But there was also the usual noise around the status of Coach Embattled Clay Helton (now his given name) and the presence of former Ohio State coach Urban Meyer, working the game for Fox Sports.

Meyer won the 2014 national championship with Cardale Jones coming from deep off his Buckeyes bench, so he probably thought he saw a well-coached team Friday night.

Carol Folt, the new USC president, was here, too. She was inaugurated in the afternoon. Her comprehensive broom is supposed to sweep out Helton, especially after she hires an athletic director to replace the dismissed Lynn Swann.

But it’s worth noting that Folt comes here from North Carolina, where the previous football coach, Larry Fedora, was 5-18 the past two seasons, after losing bowl games in the previous three. So Folt probably did not think she was watching bad football here. How her North Carolina experience translates into her evaluation of USC basketball, we’ll have to see.

And there was the usual sky-is-falling posture from the fans after USC lost in overtime at Brigham Young.

“We don’t hear what the fans say that much, because they’re only with you when things are good,” Pittman said. “And that’s what a fan is. They’re not going to cheer on a team that goes 5-7. There’s no reason to.

“We wanted to win this game because it was one of our goals, like getting to the playoff, getting to the natty (championship game). We’re just checking off the boxes.”

As in the win over Stanford, USC’s defense swelled with each quarter, once it got a handle on stopping the slippery moves of quarterback Tyler Huntley. The Utes piled up the yards and snapped the ball 79 times to USC’s 54. But USC had enough gas to deny Utah touchdowns on four of six red-zone trips.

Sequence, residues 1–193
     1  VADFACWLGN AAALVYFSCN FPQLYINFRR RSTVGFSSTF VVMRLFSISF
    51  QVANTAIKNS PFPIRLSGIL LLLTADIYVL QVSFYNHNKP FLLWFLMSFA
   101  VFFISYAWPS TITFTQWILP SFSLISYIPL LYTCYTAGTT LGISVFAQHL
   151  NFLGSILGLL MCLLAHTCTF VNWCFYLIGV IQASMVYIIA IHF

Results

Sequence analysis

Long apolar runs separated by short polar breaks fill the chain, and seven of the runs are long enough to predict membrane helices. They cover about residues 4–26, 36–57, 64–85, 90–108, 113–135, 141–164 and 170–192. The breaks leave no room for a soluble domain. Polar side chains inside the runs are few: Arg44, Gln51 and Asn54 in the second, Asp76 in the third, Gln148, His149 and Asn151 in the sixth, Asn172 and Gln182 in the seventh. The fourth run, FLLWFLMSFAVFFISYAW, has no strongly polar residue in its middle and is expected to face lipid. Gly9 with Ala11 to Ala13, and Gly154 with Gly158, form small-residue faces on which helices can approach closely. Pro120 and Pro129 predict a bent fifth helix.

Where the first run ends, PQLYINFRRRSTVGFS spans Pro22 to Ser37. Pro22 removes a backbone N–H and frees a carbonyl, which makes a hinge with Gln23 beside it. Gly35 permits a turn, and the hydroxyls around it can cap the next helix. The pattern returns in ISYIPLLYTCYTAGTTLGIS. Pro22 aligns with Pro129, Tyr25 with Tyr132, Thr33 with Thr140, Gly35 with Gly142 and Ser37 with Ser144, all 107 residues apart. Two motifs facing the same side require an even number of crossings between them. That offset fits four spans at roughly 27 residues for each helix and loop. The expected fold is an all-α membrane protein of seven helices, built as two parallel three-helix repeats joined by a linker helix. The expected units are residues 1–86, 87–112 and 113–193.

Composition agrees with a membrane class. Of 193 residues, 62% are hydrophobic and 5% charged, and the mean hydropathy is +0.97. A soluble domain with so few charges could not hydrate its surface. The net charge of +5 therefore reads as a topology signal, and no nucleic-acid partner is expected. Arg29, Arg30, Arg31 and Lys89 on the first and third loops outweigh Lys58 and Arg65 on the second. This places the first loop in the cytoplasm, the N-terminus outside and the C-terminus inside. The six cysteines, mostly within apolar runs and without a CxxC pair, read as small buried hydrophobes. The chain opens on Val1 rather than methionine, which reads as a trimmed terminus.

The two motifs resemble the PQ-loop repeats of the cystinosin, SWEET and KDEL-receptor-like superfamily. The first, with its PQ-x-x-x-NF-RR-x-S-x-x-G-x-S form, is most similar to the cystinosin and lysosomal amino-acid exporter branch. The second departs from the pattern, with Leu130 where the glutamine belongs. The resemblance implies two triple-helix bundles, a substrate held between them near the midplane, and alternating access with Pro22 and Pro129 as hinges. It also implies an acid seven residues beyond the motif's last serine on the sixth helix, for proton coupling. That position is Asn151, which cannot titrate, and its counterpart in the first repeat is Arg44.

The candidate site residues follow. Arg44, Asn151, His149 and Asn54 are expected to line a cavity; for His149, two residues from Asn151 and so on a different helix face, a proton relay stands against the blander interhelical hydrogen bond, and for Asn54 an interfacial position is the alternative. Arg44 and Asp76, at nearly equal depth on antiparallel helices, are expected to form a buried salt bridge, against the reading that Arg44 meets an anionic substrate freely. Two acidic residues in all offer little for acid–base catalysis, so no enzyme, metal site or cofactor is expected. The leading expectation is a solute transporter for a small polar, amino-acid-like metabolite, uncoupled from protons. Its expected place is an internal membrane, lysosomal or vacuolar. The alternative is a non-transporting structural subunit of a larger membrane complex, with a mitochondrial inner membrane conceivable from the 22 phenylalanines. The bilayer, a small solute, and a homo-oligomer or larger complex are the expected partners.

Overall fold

Utah was down 21-17 early in the fourth and had a third down on the USC 1-yard line. Isaiah Pola-Mao, who made the critical interception against Fresno State, sought out Huntley and dealt him a 6-yard loss, forcing a field goal that kept the Trojans ahead.

Then Griffiths pinned Utah back, and yet another holding penalty forced a second-and-10, which Jackson, the freshman from Centennial High of Corona, turned into a safety off “a rip move,” as he said. Huntley was called for intentional grounding on his way down.

“The sideline got super-excited when we saw that,” said Markese Stepp, the brutish runner who gets the call when the other defense is too tired to take him on. Stepp bulled his way on a 4-yard score that made it 30-20, after Fink, on third-and-8, speared Pittman for 42 yards.

The stairmaster gets steeper. The Trojans play at Washington next Saturday, and at Notre Dame two weeks later. Harrell’s Air Raid offense needs an offensive line that doesn’t make quarterbacks as disposable as blue razors.

The fourth-stringer is walk-on Brandon Perdue, although Pittman said he was “pretty sure” Slovis would be available next week.

But the Trojans can bask, temporarily, in the virtues of the green, green grass of home, and of the dubious nature of unnecessary change. We’ll see if anyone else agrees.